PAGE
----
Analyzing Kentucky’s Improved Defense

Posted by Brian Joyce on March 22nd, 2017

Kentucky scored at least 100 points five separate times this year so it is no surprise that the Wildcats’ offense has grabbed most of the headlines. When the season was on the line on Sunday afternoon, however, it was instead a strong defensive performance that propelled John Calipari‘s club into the Sweet Sixteen. In a season-low 62-possession grinder with the Shockers, the Wildcats proved they can win with defense by shutting down one of the 10 best offenses in college basketball.

For reference on the defensive score sheet, refer to this previous post —

Kentucky quietly owns a top 10 team defense (eighth in adjusted defensive efficiency, per KenPom), and it will need it to continue improving if this season is going to be extended. With UCLA looming and a potential Elite Eight matchup with North Carolina beyond that, the Wildcats will need to do better than allowing 97 points and 1.17 points per possession (PPP) to the Bruins and a season-high 100 points and 1.27 PPP to the Tar Heels.

Much of Kentucky’s defensive improvement is attributable to the interior play of freshman Bam Adebayo and senior Derek Willis. Fans have certainly noticed Adebayo’s offensive uptick, scoring double figures in his last 10 games, but he has also logged 14 blocks over the same period, including a particularly timely one over the weekend against Wichita State. The freshman’s true impact, however, isn’t seen in the shots he blocks inasmuch as the number of shots that he alters. Against the Shockers, for example, he forced 15 missed shots and two turnovers.

For reference on the defensive score sheet, refer to this previous post —

Willis has been a shot-blocking machine since March rolled around as well. The senior forward is usually on the floor because of his shooting ability, but his improved defense is keeping him there. As you can see from the defensive score sheet above, Willis ended the game against Wichita State with the third best defensive rating on the team. Calipari was particularly impressed with Willis’ rebounding and effort, saying, “I played Derek almost the whole half. He played well. Then Derek made the three in the corner, made a couple of threes, rebounded pretty good. Ended up with eight rebounds and nine points. Think of that. Three steals. Derek Willis.”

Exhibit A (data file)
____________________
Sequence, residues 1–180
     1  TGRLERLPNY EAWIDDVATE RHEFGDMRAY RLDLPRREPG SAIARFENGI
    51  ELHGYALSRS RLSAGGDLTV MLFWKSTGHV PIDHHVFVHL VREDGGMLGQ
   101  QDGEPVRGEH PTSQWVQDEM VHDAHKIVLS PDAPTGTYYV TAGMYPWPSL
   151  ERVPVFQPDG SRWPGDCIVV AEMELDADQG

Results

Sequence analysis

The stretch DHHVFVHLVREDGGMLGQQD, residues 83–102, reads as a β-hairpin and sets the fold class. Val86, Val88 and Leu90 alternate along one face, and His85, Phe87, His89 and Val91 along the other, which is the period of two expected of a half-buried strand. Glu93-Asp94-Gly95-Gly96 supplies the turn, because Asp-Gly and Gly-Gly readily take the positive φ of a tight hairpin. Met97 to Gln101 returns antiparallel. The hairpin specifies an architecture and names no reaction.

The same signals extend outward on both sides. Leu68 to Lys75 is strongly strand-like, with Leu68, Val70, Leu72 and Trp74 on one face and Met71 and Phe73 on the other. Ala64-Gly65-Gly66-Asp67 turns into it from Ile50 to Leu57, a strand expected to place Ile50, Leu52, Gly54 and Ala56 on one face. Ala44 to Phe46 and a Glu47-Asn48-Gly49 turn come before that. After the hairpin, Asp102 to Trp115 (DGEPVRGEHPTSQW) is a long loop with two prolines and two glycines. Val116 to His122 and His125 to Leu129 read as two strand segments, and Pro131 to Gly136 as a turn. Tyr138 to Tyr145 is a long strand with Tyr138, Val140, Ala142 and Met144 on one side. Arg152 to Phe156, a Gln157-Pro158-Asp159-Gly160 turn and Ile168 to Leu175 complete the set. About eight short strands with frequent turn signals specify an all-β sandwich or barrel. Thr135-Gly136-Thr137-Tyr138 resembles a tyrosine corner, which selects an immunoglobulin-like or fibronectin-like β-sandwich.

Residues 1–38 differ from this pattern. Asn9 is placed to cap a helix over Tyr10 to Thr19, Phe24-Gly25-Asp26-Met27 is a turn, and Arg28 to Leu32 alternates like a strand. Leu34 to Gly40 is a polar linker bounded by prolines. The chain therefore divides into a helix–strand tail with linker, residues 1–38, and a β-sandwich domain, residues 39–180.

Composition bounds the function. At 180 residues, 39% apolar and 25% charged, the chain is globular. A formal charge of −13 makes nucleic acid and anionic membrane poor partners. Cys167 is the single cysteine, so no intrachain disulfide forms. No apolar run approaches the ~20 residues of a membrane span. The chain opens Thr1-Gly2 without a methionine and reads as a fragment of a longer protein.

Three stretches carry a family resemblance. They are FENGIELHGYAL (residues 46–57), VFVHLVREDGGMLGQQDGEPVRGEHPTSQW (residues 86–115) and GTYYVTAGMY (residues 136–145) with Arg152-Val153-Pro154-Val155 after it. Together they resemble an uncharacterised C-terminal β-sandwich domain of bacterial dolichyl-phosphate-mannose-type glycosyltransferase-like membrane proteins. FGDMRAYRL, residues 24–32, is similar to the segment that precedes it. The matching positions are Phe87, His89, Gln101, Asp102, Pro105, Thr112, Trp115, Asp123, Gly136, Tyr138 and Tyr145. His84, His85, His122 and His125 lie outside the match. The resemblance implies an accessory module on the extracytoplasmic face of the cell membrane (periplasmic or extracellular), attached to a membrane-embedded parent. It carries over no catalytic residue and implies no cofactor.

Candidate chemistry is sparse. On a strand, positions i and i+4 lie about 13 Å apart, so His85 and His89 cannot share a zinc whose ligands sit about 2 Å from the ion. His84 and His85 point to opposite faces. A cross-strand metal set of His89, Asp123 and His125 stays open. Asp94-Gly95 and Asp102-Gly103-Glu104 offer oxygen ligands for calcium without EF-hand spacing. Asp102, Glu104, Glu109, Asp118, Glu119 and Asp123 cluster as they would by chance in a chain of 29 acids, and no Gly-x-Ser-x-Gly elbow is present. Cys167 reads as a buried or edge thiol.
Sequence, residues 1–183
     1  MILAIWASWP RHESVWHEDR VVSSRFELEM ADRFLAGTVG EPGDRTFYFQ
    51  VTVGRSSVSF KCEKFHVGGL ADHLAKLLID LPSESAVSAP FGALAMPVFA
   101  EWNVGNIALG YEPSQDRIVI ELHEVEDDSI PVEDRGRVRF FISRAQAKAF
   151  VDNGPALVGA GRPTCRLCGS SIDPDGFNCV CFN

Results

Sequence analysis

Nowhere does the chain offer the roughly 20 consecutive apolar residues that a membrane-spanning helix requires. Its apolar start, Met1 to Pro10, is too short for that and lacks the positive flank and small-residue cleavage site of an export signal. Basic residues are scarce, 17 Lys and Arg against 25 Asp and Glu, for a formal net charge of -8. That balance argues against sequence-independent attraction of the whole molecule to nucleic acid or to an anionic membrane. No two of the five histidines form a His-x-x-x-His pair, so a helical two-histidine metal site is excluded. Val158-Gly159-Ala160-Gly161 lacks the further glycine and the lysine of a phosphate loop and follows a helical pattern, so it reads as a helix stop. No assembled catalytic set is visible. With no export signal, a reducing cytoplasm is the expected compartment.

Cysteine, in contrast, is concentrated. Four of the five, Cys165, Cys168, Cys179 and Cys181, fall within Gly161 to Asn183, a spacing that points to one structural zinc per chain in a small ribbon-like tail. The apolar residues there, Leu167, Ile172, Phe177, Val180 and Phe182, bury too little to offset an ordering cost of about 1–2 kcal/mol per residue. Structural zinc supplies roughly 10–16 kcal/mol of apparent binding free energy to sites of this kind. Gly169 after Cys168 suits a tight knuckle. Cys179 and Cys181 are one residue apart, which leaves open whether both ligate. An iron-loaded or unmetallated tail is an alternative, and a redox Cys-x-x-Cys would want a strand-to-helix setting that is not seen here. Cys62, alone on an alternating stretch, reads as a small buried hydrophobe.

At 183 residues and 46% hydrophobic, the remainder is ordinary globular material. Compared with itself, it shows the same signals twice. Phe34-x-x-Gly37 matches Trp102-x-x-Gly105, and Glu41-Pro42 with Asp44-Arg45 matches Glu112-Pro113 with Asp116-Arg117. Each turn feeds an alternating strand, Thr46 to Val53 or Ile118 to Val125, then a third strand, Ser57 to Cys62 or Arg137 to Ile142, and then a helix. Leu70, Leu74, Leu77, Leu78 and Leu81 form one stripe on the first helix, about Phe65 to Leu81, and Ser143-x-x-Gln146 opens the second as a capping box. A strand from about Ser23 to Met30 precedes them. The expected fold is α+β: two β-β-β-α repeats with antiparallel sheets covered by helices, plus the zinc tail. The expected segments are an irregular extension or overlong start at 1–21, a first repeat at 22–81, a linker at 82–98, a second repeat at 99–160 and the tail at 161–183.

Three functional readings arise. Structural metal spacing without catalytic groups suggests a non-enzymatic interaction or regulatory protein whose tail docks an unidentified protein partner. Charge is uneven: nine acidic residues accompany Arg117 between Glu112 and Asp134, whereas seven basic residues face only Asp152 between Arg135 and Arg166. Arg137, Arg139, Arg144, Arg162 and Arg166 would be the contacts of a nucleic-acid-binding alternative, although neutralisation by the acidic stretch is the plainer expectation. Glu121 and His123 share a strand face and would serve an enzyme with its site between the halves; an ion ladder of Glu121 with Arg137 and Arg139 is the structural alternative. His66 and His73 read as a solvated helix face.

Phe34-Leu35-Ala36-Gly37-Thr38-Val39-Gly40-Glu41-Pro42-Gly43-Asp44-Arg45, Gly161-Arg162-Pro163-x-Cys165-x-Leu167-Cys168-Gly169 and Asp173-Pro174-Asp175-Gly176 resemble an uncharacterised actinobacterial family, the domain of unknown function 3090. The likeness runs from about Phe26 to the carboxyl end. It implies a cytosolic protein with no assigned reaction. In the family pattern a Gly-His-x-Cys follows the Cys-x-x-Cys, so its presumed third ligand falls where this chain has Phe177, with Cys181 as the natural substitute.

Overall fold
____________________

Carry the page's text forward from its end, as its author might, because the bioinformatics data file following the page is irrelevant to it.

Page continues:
Kentucky has a golden opportunity to show how much its defense has improved since the first games with UCLA and North Carolina in December. That was a long time ago, however, and the Wildcats’ young team was not yet developed on the defensive end. To reach the Final Four for a fifth time in seven years, the defense of the last third of the season will need to show up. After a lockdown performance in the Round of 32 victory over Wichita State, it seems as if the Wildcats may have turned the corner.

Brian Joyce (333 Posts)

Brian Joyce is an advanced metrics enthusiast, college hoops junkie, and writer for the SEC basketball microsite for Rush the Court.

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